The Playgoer: Sifton: "We don't work for B'way"

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Wednesday, June 21, 2006

Sifton: "We don't work for B'way"

I just had to quote this particular reader exchange with NYTimes Arts Editor Sam Sifton in full. Regarding the Times's relations with the B'way biz...methinks the editor doth protest too much?

Q. I am a member of the Actors Equity Association and am currently on tour with "The Phantom of the Opera." I read The Times online and pick up the paper at Starbucks whenever possible. As a member of the theatrical community in New York City and as someone who is also meeting the public outside of New York City (I have been on tour for over five years, in more than 60 cities), I know that there is a hunger out here for legitimate reporting on New York's special theater events as well as the long and short runs of Broadway shows.

On Fridays, in the back of the Weekend section, there are capsule comments under the title of each running Broadway show that, inexplicably, have gone from being helpful and intriguing ­ quotations from reviews, plot descriptions ­ to sarcastic, jokey, completely useless paragraphs that not only give no information about the shows, they do not, in any way, encourage attendance. It would seem to me, that the national edition of The Times Arts section would want to encourage visits to New York's Broadway theaters. These capsule comments do nothing toward that end.
-- David C. Anderson, New York

[Sifton:] It is not our job to encourage attendance in Broadway theaters. [Ha! Note the Times's own link here!] News flash: We don't work for Broadway. We work for the reader. And it is our job as such to tell readers what's on Broadway, what's new there and what's old, what's coming and what's still hanging around — and whether readers interested in spending an average of $74.55 a ticket are getting what they pay for.

We do a number of things to fulfill that mandate. We have a fulltime theater reporter, Campbell Robertson, who walks along the Rialto every day, gathering news. We have two fulltime theater critics — Ben Brantley on the first string, Charles Isherwood on the second — to evaluate the productions the street brings forth. And we rereview those productions when they undergo major cast changes, or when years go by without them. Beyond all this, in the Weekend section, we list every production that's currently showing on Broadway. For long-running shows — like "Phantom" — we ape the vestpocket reviews that accompany the listing of movies on our television grid, and which used to be written with wonderful economy by an editor here, Howard Thompson. You don't like them. Hey, that's the music of the night.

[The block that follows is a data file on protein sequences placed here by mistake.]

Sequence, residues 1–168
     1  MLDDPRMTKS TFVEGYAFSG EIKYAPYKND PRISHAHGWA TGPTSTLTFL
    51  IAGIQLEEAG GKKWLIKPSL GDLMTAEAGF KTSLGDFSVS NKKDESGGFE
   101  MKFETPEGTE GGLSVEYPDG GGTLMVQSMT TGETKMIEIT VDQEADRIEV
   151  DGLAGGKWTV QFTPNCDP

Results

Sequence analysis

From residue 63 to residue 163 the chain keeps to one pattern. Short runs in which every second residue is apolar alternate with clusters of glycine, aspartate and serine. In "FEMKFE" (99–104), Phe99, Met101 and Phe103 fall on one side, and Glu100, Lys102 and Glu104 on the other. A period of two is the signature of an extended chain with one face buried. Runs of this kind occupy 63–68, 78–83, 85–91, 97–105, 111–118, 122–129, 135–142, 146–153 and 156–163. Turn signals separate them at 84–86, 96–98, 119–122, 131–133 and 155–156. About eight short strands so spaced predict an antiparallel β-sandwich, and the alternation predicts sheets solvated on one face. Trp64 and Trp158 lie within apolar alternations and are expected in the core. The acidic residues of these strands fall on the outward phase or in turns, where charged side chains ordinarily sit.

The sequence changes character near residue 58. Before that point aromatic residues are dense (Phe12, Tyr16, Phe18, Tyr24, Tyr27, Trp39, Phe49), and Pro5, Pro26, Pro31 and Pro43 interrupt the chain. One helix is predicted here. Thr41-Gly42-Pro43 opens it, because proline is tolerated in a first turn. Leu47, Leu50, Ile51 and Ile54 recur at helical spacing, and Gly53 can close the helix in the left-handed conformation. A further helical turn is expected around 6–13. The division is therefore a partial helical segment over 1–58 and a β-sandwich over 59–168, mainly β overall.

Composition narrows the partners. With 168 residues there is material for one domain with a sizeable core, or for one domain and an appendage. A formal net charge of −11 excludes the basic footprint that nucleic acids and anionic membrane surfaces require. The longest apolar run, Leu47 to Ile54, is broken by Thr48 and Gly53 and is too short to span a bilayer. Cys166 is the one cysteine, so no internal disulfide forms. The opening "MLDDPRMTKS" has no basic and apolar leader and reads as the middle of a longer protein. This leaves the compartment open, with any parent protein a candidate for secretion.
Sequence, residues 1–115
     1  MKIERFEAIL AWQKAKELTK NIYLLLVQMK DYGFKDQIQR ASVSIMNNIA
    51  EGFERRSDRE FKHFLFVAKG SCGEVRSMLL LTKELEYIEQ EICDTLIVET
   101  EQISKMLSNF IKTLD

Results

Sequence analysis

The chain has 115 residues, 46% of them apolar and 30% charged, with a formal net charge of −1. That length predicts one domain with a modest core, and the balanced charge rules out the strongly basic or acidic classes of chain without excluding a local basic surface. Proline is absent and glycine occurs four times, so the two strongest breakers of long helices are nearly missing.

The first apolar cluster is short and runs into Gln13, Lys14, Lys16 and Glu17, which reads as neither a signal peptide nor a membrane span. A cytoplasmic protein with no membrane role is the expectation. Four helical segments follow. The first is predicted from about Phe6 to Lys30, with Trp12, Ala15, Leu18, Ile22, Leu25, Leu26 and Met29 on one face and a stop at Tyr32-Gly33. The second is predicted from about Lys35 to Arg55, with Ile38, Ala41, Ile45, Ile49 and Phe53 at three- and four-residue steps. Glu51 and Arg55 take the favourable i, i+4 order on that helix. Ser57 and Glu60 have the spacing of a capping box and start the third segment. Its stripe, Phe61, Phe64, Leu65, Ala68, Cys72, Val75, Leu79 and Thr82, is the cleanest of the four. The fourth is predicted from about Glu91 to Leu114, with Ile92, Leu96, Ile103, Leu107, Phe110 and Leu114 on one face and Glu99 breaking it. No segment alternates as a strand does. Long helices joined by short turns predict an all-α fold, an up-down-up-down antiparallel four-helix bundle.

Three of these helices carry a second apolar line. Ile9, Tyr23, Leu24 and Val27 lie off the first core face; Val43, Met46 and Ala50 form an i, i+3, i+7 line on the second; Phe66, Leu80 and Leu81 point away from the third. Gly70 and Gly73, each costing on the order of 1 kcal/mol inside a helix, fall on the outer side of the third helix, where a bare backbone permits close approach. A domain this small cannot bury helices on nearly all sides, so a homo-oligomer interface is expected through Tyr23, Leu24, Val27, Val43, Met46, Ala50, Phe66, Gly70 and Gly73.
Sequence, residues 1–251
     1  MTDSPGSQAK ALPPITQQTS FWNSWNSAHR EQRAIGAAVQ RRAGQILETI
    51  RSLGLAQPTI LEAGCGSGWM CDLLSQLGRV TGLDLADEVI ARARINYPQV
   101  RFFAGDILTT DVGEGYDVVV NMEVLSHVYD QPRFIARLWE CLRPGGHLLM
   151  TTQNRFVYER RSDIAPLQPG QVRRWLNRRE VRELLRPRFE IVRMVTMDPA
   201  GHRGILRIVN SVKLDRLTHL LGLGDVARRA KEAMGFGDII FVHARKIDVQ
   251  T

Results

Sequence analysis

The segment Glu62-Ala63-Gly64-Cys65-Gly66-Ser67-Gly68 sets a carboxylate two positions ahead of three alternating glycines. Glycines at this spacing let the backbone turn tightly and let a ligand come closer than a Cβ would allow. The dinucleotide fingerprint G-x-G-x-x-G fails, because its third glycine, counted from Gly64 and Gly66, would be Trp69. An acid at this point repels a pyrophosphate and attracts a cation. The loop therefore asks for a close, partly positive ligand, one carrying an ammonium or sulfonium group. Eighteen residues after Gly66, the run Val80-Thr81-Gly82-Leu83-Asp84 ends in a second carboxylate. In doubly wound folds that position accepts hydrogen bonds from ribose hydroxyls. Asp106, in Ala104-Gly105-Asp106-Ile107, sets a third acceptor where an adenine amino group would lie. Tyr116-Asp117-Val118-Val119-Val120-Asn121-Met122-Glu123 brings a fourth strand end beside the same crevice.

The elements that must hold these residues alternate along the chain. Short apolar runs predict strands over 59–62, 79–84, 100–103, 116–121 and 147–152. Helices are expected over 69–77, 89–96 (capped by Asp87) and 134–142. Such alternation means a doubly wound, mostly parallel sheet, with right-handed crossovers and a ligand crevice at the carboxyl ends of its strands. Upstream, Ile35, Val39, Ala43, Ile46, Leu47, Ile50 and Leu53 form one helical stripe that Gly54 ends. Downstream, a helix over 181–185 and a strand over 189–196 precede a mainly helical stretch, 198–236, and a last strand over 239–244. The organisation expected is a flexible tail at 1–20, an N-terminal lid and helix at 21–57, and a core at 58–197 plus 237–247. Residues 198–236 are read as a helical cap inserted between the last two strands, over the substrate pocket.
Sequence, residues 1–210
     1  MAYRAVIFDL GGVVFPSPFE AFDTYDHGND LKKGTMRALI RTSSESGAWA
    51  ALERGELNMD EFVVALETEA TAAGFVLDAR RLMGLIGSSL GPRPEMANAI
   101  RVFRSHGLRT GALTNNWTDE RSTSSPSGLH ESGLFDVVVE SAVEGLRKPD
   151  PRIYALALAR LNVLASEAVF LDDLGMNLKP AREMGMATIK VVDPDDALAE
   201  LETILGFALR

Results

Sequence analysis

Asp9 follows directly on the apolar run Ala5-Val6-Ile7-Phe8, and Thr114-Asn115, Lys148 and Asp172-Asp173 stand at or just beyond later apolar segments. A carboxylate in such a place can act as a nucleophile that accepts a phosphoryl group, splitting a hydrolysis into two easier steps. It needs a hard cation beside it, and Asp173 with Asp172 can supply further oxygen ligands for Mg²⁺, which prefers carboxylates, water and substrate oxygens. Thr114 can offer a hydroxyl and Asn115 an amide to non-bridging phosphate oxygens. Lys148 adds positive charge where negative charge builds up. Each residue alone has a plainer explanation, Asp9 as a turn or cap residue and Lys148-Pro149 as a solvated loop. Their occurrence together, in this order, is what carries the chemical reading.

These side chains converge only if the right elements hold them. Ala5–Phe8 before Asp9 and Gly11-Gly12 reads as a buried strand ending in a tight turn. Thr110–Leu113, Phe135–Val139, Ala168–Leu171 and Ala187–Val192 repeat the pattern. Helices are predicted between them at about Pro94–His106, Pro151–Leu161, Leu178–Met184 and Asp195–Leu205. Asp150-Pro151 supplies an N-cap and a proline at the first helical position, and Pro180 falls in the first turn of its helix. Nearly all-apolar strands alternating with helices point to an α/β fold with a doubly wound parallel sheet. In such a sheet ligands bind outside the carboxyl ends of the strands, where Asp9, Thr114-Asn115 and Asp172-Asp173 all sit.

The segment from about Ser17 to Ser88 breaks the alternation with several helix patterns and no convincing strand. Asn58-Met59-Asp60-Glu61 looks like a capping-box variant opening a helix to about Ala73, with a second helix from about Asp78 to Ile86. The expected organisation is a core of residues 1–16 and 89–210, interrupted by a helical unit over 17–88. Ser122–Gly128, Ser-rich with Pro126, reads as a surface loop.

I don't expect a Times editor to admit to any favorable treatment of Broadway. But the "news flash" sarcasm is kinda insulting to our intelligence.

Of course, there was a minor scandal a couple of years ago over what the Times was doing with their arts "listings" in the back of both the Sunday and Friday sections. What used to be a democratic assembling of descriptive short blurbs of shows not only on Broadway but Off and Off-Off, the editors wanted more control over it--over which shows got listed and what they said about them. And, as Sifton reveals here, more explicitly a consumer guide. While I don't sympathize with the questioner's wish for more promotion of shows like "Phantom," I do agree that the listings should be the place for snarky put-downs of shows. That's what reviews are for. Or blogs.

Also, do catch the sopt-on question about why Times "Arts" (that's "Arts") needs to cover Brangelina and Jennifer Anniston. Sifton's answer: "Well, here’s the thing. Jennifer Aniston is kind of a good actress." Again, the link is the Times's.


Anonymous said...

To answer Joshua James's question: most of the American publishing business tends to prefer "theater" over "theatre." The "-er" ending is listed first in the Webster's 11th Collegiate, and that's a standard reference.

Re. the Times's theater page, I don't think they have one anymore. The Sunday Arts & Leisure section typically has theater articles (which I'm pretty sure are labeled with "theater"), but the weekday paper mixes media together in its arts coverage. That's what I think--but I usually read the weekday stuff online.

Scott Walters said...

Yow! The tone of these responses are really snotty! That's how an editor responds to the readership?

That said, the snarky summary goes way back. Who was it that had the really sarcastic New Yorker listings for "Abie's Irish Rose"? One of the Algonquin folks -- Woolcott?

PeonInChief said...

"Theater" is the American English spelling, "theatre" is the British English spelling. Using the British spelling in American English is pretty harmless, unlike advocating for royalty or fox hunting or the comma splice.